Contemporary Jewish Art and Judaica

The mission of the Philadelphia Museum of Jewish Art (PMJA) is to present "contemporary art that illuminates the Jewish experience"--the artist need not be Jewish, but her or his work must be Jewish in concept. As a curator at the PMJA, I gravitate toward work that addresses Jewish-American themes, specifically. I especially enjoy working with artists who don't consider themselves to be "Jewish artists" but who have a Jewish topic in mind for which the PMJA provides a venue for its realization. Shown here are works related to exhibitions I've organized for the PMJA.



Liebowitz Cary PMJA clipper ship.JPG                         Courtesy: Philadelphia Museum of Jewish Art  
                                        Photo: Carol Perloff


Jew and American. Sacred and secular. Humor and pathos. Art and kitsch. In Assimilatiana: Conscious Consciousness--presented at the PMJA in 2003-4--Cary Leibowitz created an entirely new body of work that tickled, teased, and tested the distinctions between these pairings. In his exhibition, Leibowitz presented items of imagined Judaic-Americana (thus, "Assimilatiana") that responded to what the artist calls "the challenges of WASP good taste," and conveyed the conflicted feelings of a present-day Jew who retains the sense of being an outsider despite professional success (in addition to being a critically acclaimed artists, Leibowitz is Director of Modern and Contemporary Editions at Philips de Pury auction house and a noted collector) and full integration into American society


Leibowitz Cary ski caps Ed Cunicelli 200706042-005940.JPG                                         Photo: Ed Cunicelli   


In Leibowitz's hands, paintings of clipper ships--invoking the kind of art found above the mantle in a cliché of a New England living room--are literally, figuratively, and contextually askew. On trapezoidal surfaces that appear to be cropped at random, cartoon-like renderings of ships are painted in bright, glossy colors; WASP connotations are contradicted by "plaques" bearing the artist's name and their place of exhibit. Ski-caps--redolent of sporty, outdoorsy, all-American fun--proclaim "Shalom Slalom" and "Philadelphia Museum of Jewish Art." In parallel to the wide range of Christmas apparel available to consumers, Leibowitz fashioned other ski-caps that extend seasonal greetings for a "Happy Chanuka."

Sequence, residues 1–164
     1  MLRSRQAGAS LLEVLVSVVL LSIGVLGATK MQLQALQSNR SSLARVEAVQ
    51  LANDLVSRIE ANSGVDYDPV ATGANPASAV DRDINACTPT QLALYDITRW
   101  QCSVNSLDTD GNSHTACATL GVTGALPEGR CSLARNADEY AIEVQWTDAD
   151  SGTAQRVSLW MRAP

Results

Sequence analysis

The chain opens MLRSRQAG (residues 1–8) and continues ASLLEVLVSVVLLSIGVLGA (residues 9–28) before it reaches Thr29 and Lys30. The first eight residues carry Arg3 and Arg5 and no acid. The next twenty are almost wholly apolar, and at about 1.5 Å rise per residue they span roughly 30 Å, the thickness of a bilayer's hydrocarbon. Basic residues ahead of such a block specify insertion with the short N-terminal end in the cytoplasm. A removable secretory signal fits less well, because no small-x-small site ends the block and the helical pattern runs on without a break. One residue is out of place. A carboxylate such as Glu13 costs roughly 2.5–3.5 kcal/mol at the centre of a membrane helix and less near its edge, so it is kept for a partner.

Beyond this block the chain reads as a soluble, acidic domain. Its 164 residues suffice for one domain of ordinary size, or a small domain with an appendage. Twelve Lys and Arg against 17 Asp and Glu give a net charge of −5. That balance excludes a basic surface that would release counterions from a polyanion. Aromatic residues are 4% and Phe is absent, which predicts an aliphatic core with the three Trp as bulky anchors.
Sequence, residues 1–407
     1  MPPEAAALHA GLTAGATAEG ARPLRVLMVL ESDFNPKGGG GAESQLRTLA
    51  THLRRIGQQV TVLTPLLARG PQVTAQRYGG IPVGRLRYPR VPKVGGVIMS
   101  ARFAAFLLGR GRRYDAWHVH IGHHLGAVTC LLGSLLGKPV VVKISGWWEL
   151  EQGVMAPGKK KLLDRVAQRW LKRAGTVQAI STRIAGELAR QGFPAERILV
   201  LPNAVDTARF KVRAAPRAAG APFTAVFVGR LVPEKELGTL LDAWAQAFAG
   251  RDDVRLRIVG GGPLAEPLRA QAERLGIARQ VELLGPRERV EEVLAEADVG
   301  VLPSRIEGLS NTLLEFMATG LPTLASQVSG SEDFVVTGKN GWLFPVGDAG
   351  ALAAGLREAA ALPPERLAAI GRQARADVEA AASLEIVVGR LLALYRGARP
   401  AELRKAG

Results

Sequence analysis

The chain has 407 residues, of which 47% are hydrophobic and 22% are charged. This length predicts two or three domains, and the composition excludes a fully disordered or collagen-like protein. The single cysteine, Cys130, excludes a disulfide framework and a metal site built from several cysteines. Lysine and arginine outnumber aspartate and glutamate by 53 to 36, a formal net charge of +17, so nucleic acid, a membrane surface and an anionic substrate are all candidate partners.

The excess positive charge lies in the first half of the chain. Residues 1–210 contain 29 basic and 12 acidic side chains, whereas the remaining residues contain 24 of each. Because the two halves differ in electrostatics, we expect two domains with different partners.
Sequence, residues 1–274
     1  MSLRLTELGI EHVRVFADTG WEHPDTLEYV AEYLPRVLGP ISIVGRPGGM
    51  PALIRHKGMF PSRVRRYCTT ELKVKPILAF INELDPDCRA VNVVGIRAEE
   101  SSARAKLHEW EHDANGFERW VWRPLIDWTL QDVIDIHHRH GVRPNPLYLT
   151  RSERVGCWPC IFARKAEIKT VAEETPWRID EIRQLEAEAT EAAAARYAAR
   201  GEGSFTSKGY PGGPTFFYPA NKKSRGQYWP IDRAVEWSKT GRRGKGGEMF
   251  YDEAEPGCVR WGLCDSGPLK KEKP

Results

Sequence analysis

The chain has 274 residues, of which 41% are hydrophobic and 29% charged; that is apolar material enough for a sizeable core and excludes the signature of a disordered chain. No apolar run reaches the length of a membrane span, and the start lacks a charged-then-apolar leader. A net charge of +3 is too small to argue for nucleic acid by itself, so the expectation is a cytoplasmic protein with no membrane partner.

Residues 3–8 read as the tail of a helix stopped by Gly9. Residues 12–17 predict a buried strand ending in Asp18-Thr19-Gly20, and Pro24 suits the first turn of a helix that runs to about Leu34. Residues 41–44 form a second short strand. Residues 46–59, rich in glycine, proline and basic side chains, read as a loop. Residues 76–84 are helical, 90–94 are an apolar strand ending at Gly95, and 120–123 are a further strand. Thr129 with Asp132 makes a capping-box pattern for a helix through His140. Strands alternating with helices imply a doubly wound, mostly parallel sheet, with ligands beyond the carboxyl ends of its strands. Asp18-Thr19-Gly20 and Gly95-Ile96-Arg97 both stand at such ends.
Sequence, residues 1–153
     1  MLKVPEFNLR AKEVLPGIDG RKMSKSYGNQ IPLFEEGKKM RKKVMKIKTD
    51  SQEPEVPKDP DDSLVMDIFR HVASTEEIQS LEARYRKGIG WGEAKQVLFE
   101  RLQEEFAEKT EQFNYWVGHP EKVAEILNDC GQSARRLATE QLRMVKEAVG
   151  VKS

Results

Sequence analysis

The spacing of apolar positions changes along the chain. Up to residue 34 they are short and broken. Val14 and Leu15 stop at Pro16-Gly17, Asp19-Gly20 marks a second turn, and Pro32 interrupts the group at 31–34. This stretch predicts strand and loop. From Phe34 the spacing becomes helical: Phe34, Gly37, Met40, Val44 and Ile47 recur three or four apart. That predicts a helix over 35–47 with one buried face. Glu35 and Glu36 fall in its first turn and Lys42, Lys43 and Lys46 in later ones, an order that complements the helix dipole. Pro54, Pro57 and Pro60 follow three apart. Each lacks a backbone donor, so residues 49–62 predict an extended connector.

Adler Reform Temple vase Ed Cunicelli 200706042-005902.JPG                                        Photo: Ed Cunicelli   


Launched in 1994 with a single order from Barney's, Jonathan Adler's career in clay has transformed the Brown University-educated New Jersey native into the head of a burgeoning empire that now includes a chain of eponymous retail stores, representation in hundreds of other shops and galleries throughout the world, textiles that channel folk- and modern-art inspirations, and a decidedly eclectic line of furniture.   


Adler found wonder in the newly minted--and, often, architecturally adventurous--temples that sprang up in the baby-booming suburbs of his youth. "I have always been driven by and fantasized about moving into those synagogues," he said in a 1998 profile in the New York Times. "They have such a groovy, brutalist, modern thing going on." This quote was the starting-point for Jonathan Adler, Re:form, presented by the PMJA in 2004-5. Re:form was Adler's first (and only, for the moment) museum retrospective. It paired his ceramics with photographs of striking modernist synagogues. With Adler's pottery showcased alongside images of a singular source of creative inspiration--the American temple at mid-century--the visitor could enjoy Adler's inventive forms, surfaces, and colors while exploring a distinctive but largely unsung period in synagogue architecture and American Jewish life. In conjunction with Re:form, Adler created a trio of "Reform Temple" vases. The one illustrated above--and shown below amid other examples of Adler's variously organic and architectonic pottery--is about twelve inches in height and ten inches wide.


                                          Photo: Ed Cunicelli   

Adler pottery group Ed Cunicelli 200706042-005917.JPG